Miku Hirano, CEO of Cinnamon Inc., was already foreseeing the rise of China when she was in junior high school in the 1990s. When asked what she wanted for her birthday, she answered, “a condominium building in Shanghai.” Her parents did not buy her such a birthday present, but their open-minded curiosity for new gadgets allowed Hirano to play freely with the latest PC and mobile phones of the time at home. Even in high school, she already felt the era of mobile phones approaching.
Majoring in computer science at university, Hirano studied programming, similar to what Google’s co-founders had studied.
“I found that with this knowledge, I could create a service on the internet by myself,” Hirano said. While in graduate school at the University of Tokyo, she was awarded the Innovative Software Creation Program (Super Creator Award) by the Information-technology Promotion Agency and Ministry of Economy, Trade and Industry, and co-founded Naked Technology Inc. with her peer Hajime Hotta in 2006.
“I wanted to create a new technology that may leave an impact on society, rather than doing my time as a company underling,” Hirano said.
However, it was not so easy to do business. One of the biggest issues Hirano faced was to find product-market fit (PMF), a widely used term among startups to mean the degree to which a product satisfies a strong market demand.
In this sense, Naked Technology’s initial service based on artificial intelligence (AI) was too early for the market. “Timing is very important,” Hirano said.
“It was hard to figure out how our product could meet market needs through trial and error in the dark,” Hirano recounted. Making some revenue after turning to middleware technology then to smartphones, Hirano and Hotta sold their company in 2011 and newly co-founded a predecessor company to Cinnamon in Singapore in 2012.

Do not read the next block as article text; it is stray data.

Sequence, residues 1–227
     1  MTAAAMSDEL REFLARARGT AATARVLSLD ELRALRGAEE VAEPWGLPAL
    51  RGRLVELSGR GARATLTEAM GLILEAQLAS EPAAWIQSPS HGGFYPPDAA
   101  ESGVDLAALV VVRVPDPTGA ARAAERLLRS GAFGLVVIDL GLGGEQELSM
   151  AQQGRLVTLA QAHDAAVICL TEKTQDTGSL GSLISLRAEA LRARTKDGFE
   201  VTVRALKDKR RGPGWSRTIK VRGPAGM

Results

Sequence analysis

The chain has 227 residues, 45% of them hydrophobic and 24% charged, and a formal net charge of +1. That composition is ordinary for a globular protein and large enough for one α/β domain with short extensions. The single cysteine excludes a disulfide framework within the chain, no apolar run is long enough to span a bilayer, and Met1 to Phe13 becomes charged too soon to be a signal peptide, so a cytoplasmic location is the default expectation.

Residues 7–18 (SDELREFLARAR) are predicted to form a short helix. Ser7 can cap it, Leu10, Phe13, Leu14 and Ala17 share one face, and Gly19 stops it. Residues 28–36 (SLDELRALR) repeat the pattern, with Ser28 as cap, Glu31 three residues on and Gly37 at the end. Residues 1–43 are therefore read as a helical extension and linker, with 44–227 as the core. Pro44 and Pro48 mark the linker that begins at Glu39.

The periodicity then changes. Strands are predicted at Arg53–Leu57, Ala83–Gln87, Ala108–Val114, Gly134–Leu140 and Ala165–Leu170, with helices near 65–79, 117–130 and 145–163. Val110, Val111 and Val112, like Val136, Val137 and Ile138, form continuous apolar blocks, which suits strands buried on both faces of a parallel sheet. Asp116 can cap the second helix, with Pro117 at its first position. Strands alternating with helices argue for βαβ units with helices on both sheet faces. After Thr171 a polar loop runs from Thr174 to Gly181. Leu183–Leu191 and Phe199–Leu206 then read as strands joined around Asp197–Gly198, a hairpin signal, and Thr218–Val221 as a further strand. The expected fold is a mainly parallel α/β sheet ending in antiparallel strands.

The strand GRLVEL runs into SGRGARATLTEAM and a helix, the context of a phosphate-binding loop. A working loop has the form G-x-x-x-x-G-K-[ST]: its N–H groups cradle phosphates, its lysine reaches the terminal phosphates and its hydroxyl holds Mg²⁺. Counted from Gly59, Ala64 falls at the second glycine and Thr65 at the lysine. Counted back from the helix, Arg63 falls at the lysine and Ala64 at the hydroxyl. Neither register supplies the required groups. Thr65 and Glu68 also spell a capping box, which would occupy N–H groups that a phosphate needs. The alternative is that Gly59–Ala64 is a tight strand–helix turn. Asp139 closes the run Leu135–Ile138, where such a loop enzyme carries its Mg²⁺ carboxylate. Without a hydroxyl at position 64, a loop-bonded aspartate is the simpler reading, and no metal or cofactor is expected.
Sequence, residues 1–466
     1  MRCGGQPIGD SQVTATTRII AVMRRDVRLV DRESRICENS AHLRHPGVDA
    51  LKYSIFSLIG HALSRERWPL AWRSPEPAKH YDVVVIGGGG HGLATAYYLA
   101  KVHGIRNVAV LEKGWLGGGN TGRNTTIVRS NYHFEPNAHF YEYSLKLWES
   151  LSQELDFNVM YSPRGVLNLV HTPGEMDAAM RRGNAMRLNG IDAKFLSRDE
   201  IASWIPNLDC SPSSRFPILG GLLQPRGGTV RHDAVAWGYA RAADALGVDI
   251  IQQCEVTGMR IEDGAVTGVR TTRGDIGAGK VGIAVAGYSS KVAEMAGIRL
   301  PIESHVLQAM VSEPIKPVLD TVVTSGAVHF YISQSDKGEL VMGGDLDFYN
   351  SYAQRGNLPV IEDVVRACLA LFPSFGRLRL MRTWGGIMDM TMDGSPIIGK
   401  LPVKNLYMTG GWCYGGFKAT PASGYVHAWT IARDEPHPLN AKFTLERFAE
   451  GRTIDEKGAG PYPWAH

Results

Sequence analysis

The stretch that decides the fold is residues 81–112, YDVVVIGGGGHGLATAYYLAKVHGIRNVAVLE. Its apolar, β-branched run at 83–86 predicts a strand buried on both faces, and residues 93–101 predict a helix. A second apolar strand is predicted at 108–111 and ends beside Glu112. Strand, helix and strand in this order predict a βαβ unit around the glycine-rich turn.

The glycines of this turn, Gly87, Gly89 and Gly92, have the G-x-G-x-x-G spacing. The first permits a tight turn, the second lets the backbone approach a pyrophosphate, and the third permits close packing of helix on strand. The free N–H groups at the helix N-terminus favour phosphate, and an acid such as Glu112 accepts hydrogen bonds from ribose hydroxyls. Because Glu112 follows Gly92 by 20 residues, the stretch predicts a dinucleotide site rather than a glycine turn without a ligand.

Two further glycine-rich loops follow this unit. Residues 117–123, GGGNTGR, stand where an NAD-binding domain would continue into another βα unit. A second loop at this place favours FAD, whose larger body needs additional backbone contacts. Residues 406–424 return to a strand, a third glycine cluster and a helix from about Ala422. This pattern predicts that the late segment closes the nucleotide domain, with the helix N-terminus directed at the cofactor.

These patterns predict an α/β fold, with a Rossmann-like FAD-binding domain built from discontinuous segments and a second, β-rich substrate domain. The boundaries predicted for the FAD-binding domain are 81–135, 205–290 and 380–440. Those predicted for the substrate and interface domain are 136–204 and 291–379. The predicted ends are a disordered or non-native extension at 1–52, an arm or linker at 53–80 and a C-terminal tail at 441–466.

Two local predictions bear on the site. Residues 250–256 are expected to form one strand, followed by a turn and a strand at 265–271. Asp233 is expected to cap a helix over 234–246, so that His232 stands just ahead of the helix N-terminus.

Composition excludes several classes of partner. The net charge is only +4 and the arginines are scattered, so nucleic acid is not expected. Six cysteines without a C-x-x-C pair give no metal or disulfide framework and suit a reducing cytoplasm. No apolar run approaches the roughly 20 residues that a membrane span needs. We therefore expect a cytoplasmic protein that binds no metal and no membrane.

However, her struggle continued.
Cinnamon released visual communication applications for smartphones mainly for the Southeast Asian market, but again struggled in finding PMF. In 2016, Hirano reduced her workforce by half, returned to Japan and devoted herself to visiting potential clients and offering software in vain.
“Our company was about to run out of cash. In addition, I was expecting my first child,” Hirano said, recalling the tough days.
But when she mentioned the possibility of providing AI-based solutions to her clients, returning to her starting point, they suddenly altered their negative attitude toward her company. After that, Cinnamon successfully offered an AI-enabled document reader to a staffing agency that suffered from the burden of entering an enormous amount of personal resumes into its computer system.
“All companies face similar challenges,” thought Hirano, who further advanced the development of optical character recognition (OCR) using AI-enabled machine learning and deep learning.
In April 2017 in Tokyo at an event to introduce AI startups, Hirano gave a presentation on Cinnamon’s AI-OCR “Flax Scanner,” a system that can accurately read and extract necessary information from unstructured documents such as invoices, receipts, insurance claims and financial statements. After the presentation, participants from approximately 150 major companies lined up to talk to Hirano, who finally felt that she “found PMF.”
Today, Cinnamon provides business AI solutions, using OCR and voice recognition backed by deep learning, which enables enterprises to automate data extraction and processing tasks, reducing costs and speeding up operations.
Raising a total of ¥1.5 billion from investors so far, Cinnamon, headquartered in Tokyo, employs around 200 people globally and has offices in Vietnam, Taiwan and Silicon Valley. As for AI researchers, the company focuses on cultivating students from Vietnamese universities who are majoring in computer science and skilled at math.
“In Japan, there are very few students majoring in computer science,” Hirano pointed out, and introduced one of the company’s slogans based on the idea of becoming a company that has 500 AI researchers. “I believe it’s the CEO’s role to use impactful words in leading the company in one direction to make our vision a reality,” Hirano said.
A mother of two, Hirano strongly hopes to help make changes to society by the time her children grow up, especially in Japan, where many people still suffer from overwork. “Our company’s current achievement is just an early step to realize my final goal to eliminate all the repetitive tasks in the world with the help of AI,” the visionary entrepreneur said.